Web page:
Book: The Dark Prophecy (The Trials of Apollo, Book 2)

"The Dark Prophecy"

Go West. Capture Apollo before he can find the next Oracle. If you cannot bring him to me alive, kill him.

Those were the orders my old enemy Nero gave to Meg McCaffrey. But why would an ancient Roman emperor zero in on me (as Lester) in Indianapolis? And where is Meg?

Meg, my demigod master, is a cantankerous street urchin. She betrayed me to Nero back at Camp Half-Blood. And while I’m mortal she can order me to do anything…even kill myself. Despite all this, if I have a chance of praying her away from her villainous stepfather, I have to try. But I’m new to this heroic quest business, and my father, Zeus, stripped me of my godly powers. Oh, the indignities and pain I have already suffered! With impossible time limits, life-threatening danger… Shouldn’t there be a reward at the end of each task? Not just more deadly quests?

I am highly enjoying Rick Riordan’s new Percy Jackson series… And there’s got to be a better way of calling The Trials of Apollo while referring to the Greek and Roman mythological universe Riordan’s created.

That aside– The things I liked in the first book remain true here. Apollo might be a whiny wanker, but he’s endearing because of hapless helplessness–while maintaining his arrogance for previously having godly powers. This time though, he’s more aware of his shortcomings which is an amazing development to witness. Especially since he has another quest to face–and this time, he knows he can’t just rely on others to do things for him.

Meg takes a back seat for the early part of the book, but when she returns, we see her develop too. Not enough that we feel short-changed about not bearing witness to her character growth, but enough to see that this is not the same character who left our hero in the first book.

It is clear that Riordan loves this world more than the other ones he created. Or, at least, knows more about what he’s going to do in this world. There is love in how his main characters are handled, even when there’s only a passing mention of them. And there is a clear progression of where the characters, old and new, are going.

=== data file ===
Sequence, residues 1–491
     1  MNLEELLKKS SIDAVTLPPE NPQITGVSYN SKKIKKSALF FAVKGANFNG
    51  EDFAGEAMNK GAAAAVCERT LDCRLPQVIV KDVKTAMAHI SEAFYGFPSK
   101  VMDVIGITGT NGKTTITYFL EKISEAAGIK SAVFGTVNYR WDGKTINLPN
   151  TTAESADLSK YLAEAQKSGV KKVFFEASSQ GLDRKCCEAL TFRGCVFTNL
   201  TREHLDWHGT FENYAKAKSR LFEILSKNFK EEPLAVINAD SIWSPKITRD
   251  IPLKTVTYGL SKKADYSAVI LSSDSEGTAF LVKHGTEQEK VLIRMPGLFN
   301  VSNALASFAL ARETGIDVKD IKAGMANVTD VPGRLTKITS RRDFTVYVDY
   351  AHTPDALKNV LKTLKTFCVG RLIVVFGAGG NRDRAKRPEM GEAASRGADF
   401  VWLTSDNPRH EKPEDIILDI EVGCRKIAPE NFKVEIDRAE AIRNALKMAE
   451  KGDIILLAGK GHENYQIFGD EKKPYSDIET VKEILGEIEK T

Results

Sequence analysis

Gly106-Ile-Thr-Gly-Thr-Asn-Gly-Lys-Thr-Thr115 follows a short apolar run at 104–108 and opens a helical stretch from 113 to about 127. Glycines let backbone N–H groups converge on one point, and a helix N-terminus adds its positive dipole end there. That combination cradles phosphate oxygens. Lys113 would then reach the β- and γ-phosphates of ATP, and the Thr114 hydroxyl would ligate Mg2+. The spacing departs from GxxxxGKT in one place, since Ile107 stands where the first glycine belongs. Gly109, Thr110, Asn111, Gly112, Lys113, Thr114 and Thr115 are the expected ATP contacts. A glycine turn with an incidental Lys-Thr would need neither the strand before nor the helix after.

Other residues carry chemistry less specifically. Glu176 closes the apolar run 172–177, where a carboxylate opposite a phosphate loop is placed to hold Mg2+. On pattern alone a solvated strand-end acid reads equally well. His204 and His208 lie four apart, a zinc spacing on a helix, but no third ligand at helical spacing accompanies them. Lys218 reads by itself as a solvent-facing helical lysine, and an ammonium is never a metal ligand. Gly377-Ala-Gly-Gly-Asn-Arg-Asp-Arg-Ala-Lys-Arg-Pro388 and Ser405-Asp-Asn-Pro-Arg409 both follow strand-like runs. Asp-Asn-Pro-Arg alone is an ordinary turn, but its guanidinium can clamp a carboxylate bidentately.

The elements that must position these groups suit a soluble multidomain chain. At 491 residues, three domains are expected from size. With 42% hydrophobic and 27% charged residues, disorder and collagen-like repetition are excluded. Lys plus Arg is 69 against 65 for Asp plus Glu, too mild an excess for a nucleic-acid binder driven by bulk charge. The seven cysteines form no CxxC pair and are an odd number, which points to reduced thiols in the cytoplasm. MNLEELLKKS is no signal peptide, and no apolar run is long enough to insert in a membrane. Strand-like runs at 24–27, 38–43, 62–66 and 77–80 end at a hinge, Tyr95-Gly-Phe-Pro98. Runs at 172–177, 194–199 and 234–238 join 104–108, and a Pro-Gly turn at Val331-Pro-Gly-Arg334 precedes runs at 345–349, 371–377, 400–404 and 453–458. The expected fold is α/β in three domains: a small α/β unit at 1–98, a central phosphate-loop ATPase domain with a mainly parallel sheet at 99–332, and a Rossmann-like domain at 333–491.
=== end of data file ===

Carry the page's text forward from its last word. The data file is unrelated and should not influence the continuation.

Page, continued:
And speaking of characters; I am loving the addition of Emmie and Josephine to the series. The two were former hunters of Artemis, and are now guardians of a way station where demigods can rest. They’re unlike previous adult characters in that they clearly know when they’re in need of help, and when they can take charge. They have a very nurturing way about them that’s never existed in any of the previously introduced adults; while, at the same time, you know they are women that you mustn’t cross.

I love them so much that I feel more concerned about their fates than any of the other characters.

I also like the introduction to another mythology. Hopefully one that doesn’t get spun off into its own series, but rather married into the one we already know. Because with all these mythologies, and all of them having end of the world scenarios, it is becoming more interesting to me to see how Riordan marries the different kinds of apocalypses, more than seeing how he’s going to wrap up each one separately.

Another thing I’m liking about this series is how Apollo serves us a new point of view. Riordan’s heroes all complain about having gods interfere in their lives. And now we see a god try to navigate quests after quests, while having to deal with consequences of their actions–whether in previous books, or in established mythologies.

There is so much to like about The Trials of Apollo. And I am both excited and apprehensive about the next book. One part of me wants to see what happens next immediately. But another part of me, the one that still remembers Magnus Chases’s conclusion, is scared that the next book in The Trials of Apollo is a dud.

I guess I’ll just have to cross my fingers and hope for the best.

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Book: The Hidden Oracle (The Trials of Apollo, Book 1)

"The Hidden Oracle"